Words can heal or they can hurt

Published: 29.06.2018


The language we use to describe groups of people can have a huge effect on how we view people. Roughan Mac Namara, Advocacy Manager, examines the impact that words can have when communicating about homelessness.

Words are powerful. The wrong words cause much pain, misery and hate.

The right words connect people. They heal. They cause positive change. They break down barriers and stereotypes.

The words we all use should always be reflected upon.

A person can be the most well-meaning but if they use the wrong words it can result in the exact opposite impact of what they were hoping to achieve. This happens every day without people even realising it.

There is a great article here on research that found the damage using the wrong words causes and shows how labelling people as ‘The mentally ill’ increases stigma.

At Focus Ireland we always use the term “people who are homeless” instead of “homeless people” for this reason.

I developed this approach many years ago in my communications work for Focus Ireland based on what Sr. Stan had said to me when I first started working with her nearly 20 years ago.

At Focus Ireland we always use the term “people who are homeless” instead of “homeless people” for this reason.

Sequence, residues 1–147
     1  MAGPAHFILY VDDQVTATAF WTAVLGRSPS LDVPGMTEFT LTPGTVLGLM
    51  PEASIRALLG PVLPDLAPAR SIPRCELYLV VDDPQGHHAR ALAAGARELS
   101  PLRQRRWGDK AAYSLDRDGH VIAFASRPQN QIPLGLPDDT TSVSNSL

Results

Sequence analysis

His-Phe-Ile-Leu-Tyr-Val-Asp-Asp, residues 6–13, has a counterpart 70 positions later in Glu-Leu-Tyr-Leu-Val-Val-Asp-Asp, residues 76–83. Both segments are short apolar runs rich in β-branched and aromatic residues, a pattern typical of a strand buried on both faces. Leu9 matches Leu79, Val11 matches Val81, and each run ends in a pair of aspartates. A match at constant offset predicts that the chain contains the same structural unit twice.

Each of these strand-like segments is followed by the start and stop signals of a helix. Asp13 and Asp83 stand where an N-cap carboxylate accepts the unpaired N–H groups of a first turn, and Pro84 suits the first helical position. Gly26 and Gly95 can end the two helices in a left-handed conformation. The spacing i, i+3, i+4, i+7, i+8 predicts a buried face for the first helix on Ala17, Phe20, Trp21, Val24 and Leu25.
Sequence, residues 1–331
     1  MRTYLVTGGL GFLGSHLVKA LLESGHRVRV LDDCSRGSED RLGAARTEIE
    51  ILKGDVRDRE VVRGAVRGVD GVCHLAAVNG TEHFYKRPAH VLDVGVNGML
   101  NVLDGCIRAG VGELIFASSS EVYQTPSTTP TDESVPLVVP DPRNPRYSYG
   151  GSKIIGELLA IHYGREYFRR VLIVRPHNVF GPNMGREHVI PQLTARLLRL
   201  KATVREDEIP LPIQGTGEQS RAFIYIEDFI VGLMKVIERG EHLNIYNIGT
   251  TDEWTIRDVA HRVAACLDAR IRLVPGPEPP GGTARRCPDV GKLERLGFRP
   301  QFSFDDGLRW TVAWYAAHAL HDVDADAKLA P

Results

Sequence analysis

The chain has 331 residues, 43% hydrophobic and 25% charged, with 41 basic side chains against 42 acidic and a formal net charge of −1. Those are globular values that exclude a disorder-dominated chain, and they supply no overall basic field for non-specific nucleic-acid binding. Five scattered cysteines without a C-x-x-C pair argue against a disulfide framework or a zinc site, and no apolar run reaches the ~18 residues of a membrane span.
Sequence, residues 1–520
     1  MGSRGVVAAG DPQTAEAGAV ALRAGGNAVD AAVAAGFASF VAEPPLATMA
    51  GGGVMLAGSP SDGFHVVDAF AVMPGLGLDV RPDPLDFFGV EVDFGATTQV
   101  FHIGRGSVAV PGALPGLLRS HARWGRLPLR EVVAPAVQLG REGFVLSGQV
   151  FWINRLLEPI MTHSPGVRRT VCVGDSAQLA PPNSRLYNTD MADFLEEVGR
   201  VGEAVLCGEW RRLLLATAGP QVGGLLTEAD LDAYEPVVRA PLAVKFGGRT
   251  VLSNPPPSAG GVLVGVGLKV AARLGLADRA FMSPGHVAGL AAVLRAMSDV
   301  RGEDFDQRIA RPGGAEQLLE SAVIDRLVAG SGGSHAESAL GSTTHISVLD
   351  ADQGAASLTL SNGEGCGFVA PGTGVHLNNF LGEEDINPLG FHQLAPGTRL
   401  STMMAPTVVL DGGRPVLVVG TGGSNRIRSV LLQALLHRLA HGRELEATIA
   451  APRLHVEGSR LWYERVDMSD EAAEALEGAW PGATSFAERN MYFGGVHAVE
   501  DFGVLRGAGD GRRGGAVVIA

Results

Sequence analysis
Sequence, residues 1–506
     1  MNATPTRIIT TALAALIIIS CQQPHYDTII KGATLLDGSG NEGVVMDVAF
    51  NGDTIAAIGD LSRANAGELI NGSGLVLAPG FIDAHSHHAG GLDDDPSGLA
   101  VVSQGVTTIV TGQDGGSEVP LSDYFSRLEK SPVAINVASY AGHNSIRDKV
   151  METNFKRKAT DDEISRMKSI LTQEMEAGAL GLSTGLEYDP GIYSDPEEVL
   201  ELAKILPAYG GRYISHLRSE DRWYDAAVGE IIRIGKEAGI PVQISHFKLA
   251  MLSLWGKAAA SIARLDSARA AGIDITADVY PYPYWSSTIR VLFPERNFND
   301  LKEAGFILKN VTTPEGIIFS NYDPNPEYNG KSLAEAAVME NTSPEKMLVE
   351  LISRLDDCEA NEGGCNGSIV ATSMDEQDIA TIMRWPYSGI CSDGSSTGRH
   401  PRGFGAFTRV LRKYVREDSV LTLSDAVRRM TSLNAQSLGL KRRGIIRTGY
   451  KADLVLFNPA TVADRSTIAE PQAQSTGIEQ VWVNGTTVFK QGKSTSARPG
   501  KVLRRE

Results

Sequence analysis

She said: “See the person first and not the problem.” I was talking to Sr. Stan again on this issue and she has recently written very powerfully on this topic.

You can read her thoughts here as Sr. Stan writes: “Labels are stigmatising and very destructive. When referring to people who are homeless as ‘the homeless’ we are seeing them as the problem and failing to see them as people who happen to be homeless at this point in time.”

“When we say ‘the homeless ‘ we are rating people. We cannot rate people; we can rate their skills etc. but not the person and when we rate people we fail to see the inner beauty, dignity & potential at the core of every person. How we perceive people affects how we treat people, how we treat people affects how they perceive themselves and how they perceive themselves affects how they behave. It is a vicious cycle. We are all persons first and foremost! “

when we rate people we fail to see the inner beauty, dignity & potential at the core of every person

Sr. Stan’s words made me think of a great scene at the end of the excellent film about Winston Churchill starring Gary Oldman. In the scene Churchill has just rallied parliament to not capitulate and seek peace talks with Hitler but to fight and beat fascism.

The movie ends with one MP asking the leading pro-peace talks MP: “What has just happened?” on seeing how Churchill has changed the whole situation of a nation by words alone.

He replies: “What has happened is he has just mobilised the English language and sent it into battle.”

Let’s make sure we always mobilise the English language and continue to use it in the battle to end homelessness.

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Tags: Communication, Stigma

Author: Roughan Mac Namara

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